The WandaVision finale may have premiered last week, but Marvel's first Disney+ original series remains very much at the forefront of the pop culture discussion. Cast and crew are finally able to share their thoughts on the making of the show and the reactions it's received from viewers.

Of course, the latter includes the often heated debate about fan theories, and there were plenty of those surrounding WandaVision. One of the most prominent was that the demon Mephisto (seen in Marvel Comics but not the MCU yet) was the one truly pulling the strings of Westview. However, that turned out not to be the case; Mephisto is never mentioned, let alone seen, in the series.

Now, the head writer of WandaVision has cleared up this fan theory gone awry...

THEORIES VERSUS STORYTELLING

In an interview with Deadline, WandaVision head writer Jac Shaeffer was asked why Mephisto was not included in the series. In response, she explained why the show's creative team "didn’t think [the] series needed a big bad:"

"We didn’t think this series needed a big bad. I mean, the big bad is grief, you know, and that’s the story that we were telling, and then we got a bonus baddie in the form of Agatha Harkness who ended up facilitating Wanda’s therapy, so yeah, I think we feel pretty good about that."

Fan theories about Mephisto or another Marvel Comics villain like Nightmare being the one controlling everything have been a major topic of discussion on social media as well, particularly in regard to how Wanda's story is shaped in the show versus how it would be if someone else was controlling her actions under the Hex.

Mackenzie Dohr, another WandaVision writer, responded to the general discussion about these theories, saying that "WandaVision was a story about WOMEN:"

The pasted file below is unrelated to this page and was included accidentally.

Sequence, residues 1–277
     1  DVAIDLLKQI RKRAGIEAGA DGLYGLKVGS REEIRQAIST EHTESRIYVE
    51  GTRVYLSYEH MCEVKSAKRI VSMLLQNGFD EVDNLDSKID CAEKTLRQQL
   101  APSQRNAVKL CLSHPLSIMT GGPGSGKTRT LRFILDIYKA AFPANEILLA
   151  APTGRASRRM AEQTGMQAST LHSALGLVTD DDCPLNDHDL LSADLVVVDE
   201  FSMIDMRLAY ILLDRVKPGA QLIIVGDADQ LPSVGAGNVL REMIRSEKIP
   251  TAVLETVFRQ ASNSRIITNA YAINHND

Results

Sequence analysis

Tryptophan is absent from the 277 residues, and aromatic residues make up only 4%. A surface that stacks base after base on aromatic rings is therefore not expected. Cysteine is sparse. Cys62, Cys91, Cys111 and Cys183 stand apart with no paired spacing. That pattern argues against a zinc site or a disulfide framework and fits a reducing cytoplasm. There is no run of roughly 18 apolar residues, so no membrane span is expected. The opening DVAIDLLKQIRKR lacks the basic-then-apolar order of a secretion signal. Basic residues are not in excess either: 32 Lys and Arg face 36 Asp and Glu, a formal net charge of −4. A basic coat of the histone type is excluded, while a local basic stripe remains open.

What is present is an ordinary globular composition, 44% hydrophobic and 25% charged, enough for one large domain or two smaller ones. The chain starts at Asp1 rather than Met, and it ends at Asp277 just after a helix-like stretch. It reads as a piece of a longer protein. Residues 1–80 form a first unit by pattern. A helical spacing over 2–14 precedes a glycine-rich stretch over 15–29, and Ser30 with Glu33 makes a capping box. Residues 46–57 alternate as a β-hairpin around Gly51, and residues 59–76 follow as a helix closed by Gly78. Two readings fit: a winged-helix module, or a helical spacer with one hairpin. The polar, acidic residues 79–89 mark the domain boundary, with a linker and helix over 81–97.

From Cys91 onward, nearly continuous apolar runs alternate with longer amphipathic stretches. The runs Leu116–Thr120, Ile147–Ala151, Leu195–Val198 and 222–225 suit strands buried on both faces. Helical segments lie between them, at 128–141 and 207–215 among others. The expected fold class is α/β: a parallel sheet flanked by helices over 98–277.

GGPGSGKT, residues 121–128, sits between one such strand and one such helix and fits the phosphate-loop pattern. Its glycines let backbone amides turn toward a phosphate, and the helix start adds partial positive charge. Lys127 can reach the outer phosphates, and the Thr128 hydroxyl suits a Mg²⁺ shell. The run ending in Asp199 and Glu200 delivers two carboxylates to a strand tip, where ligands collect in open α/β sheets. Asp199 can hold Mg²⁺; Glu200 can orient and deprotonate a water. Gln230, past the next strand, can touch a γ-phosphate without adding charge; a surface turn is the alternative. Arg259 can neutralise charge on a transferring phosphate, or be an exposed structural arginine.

THE REAL VILLAIN OF WANDAVISION

Grief being the big bad of WandaVision means that it's important for the characters, particularly Wanda, to be in control of their own actions.

If a traditional villain was pulling the strings from behind the scenes, the show would be about someone taking advantage of the vulnerable state of another person and not the person experiencing the grief learning how to deal with it. As is, having Wanda be in charge of the Hex with Agatha messing things up allows both themes to be explored but keeps the latter at the forefront.

The idea of a man being in control of one or both of these two characters (and Monica, whose superhero origin story plays out in WandaVision) would take away a lot of the understated power of the series. WandaVision isn't explicitly about "girl power," but it includes it in a way that is perhaps more meaningful than a story directly about that theme.

There are still relatively few onscreen superhero stories with a woman at the forefront, so the show's female characters largely driving the narrative is significant. Their agency over their actions is key in achieving this; whether they're doing the right thing or the wrong one, they are ultimately the ones in charge of their own destiny in WandaVision, and that helps to normalize stories with women driving the action and storyline.

All nine episodes of WandaVision are now available to stream on Disney+.